Discover: A wife of 20 years befriends her husband's four mistresses in this tale by the first woman to publish a novel in Mozambique.

Archipelago, $18, paperback, 250p., 9780914671480

The Sunlight Pilgrims

by Jenni Fagan

The Sunlight Pilgrims, the second novel by Jenni Fagan (The Panopticon), opens in November 2020, as temperatures around the world are plummeting to record lows. It is below freezing in England long before winter has officially begun. Dylan's mother has just died, and the family business is being reclaimed by the bank. Left with nothing but his grief, the family gin recipe and the title to a small trailer in Scotland, Dylan boards a bus north to settle into his newly inherited home and try to make sense of his life. There, amidst news reports threatening the coldest winter on record, Dylan meets Stella, the 12-year-old girl next door, and Constance, her mother.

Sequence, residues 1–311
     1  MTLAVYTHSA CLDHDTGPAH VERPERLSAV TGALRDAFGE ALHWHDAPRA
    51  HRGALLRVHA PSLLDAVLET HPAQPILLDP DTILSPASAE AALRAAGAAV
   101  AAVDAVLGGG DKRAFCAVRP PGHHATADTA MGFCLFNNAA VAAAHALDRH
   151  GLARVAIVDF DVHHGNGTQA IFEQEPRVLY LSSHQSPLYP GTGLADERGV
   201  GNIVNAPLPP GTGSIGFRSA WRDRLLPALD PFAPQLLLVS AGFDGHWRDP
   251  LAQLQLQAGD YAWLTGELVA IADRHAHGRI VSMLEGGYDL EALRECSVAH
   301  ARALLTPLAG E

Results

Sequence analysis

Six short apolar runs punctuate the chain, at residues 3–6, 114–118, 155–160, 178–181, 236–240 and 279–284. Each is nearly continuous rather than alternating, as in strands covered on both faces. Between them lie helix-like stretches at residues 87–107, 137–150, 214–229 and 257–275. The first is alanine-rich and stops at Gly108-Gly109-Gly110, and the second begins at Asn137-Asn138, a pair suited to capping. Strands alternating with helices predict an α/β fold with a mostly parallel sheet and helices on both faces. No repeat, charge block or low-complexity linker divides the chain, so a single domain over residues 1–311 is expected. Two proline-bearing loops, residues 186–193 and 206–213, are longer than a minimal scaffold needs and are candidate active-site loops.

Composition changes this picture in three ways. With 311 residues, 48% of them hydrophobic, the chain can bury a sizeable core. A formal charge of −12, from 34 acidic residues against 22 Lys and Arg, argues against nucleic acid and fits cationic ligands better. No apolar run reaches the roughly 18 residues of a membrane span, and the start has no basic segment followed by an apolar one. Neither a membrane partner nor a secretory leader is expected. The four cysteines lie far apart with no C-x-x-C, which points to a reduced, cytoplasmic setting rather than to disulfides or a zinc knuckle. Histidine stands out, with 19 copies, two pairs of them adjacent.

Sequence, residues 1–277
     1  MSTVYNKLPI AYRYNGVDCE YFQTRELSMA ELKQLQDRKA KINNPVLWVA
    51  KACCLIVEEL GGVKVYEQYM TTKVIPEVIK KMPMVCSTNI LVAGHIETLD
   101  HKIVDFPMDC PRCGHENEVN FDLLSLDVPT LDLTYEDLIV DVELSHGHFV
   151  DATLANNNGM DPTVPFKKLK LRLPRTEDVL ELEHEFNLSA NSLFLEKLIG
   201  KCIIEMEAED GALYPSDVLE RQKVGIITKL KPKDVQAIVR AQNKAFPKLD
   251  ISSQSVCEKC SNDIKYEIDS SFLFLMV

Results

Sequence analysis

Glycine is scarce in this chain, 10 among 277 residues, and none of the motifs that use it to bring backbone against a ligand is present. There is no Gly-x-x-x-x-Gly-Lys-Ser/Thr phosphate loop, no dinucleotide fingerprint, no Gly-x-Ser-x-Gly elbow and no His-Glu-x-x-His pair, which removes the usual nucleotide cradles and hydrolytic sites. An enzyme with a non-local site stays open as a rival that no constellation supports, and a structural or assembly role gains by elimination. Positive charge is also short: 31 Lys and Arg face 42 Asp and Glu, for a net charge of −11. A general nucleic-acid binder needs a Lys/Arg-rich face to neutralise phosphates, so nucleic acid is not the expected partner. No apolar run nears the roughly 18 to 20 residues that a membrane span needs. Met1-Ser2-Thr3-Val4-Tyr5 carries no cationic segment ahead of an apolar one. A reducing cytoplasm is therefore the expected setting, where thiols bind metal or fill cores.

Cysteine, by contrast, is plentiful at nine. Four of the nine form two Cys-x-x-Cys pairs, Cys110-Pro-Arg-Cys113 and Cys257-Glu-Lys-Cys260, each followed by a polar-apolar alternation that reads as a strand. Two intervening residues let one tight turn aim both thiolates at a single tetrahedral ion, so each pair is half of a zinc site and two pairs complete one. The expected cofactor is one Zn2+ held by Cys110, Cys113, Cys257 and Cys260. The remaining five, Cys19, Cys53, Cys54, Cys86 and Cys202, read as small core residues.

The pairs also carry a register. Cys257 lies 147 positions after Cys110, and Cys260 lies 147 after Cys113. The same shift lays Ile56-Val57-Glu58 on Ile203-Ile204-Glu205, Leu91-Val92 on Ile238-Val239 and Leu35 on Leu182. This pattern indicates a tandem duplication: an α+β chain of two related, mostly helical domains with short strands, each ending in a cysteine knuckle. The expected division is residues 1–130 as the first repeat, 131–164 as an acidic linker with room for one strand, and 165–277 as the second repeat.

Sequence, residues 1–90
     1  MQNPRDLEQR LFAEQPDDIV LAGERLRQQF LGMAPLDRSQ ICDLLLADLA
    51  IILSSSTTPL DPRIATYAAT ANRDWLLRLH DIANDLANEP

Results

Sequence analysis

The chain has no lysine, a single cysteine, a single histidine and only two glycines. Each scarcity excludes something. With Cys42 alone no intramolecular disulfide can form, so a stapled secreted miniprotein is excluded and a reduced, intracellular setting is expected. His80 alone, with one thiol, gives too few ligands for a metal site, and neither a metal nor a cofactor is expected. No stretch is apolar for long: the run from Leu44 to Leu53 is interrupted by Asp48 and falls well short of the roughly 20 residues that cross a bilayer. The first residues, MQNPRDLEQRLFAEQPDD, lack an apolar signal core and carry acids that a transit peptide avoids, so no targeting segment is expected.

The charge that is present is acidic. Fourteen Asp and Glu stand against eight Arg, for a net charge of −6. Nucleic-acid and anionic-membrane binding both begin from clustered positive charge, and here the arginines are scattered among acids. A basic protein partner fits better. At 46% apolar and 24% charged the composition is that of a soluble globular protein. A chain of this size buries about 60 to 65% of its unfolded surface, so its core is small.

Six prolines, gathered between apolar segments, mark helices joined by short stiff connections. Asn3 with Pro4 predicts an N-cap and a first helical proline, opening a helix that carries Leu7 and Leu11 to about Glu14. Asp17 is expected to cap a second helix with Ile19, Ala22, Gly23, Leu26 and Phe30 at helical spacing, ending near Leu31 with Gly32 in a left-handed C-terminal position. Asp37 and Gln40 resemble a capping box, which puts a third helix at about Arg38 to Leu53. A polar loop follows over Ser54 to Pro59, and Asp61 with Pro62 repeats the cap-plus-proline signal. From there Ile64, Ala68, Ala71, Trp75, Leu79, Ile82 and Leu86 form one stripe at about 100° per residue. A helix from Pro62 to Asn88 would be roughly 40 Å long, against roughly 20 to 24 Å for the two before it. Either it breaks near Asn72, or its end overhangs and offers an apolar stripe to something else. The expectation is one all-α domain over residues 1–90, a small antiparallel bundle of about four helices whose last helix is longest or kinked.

The three form a trio of town misfits: Dylan is an "incomer"; transgender Stella struggles to be seen as the girl she knows she is; and Constance is known to have had two concurrent lovers for over two decades. But what the townspeople see as imperfections are ultimately what make each character, individually and then again as a unit, the perfect center for Fagan's story. Their warmth and humanity stand out in stark contrast to the barren, cold landscape of the Scottish Highlands and the impending winter. Because ultimately, The Sunlight Pilgrims is not about catastrophe or disaster or climate change (though it is, in some ways, about all of them). It is about what happens in between and around and in spite of those big things: the everyday moments of life and its machinations, the work we do to find our place in a chaotic world, and what it means to love and be loved. --Kerry McHugh, blogger at Entomology of a Bookworm